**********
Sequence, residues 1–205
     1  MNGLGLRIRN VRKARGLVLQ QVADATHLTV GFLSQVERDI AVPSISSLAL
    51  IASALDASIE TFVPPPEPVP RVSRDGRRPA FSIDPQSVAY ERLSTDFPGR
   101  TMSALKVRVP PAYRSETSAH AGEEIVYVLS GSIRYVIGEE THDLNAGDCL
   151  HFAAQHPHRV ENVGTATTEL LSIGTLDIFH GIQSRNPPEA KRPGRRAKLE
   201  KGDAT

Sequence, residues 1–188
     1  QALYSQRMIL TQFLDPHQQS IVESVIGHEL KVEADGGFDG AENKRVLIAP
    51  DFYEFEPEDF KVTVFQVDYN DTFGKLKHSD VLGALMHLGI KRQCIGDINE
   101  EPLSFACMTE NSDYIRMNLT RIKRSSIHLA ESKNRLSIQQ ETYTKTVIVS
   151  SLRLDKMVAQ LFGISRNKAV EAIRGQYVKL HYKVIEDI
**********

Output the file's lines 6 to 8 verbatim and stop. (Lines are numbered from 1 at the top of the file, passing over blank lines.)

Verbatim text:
   201  KGDAT

Sequence, residues 1–188
     1  QALYSQRMIL TQFLDPHQQS IVESVIGHEL KVEADGGFDG AENKRVLIAP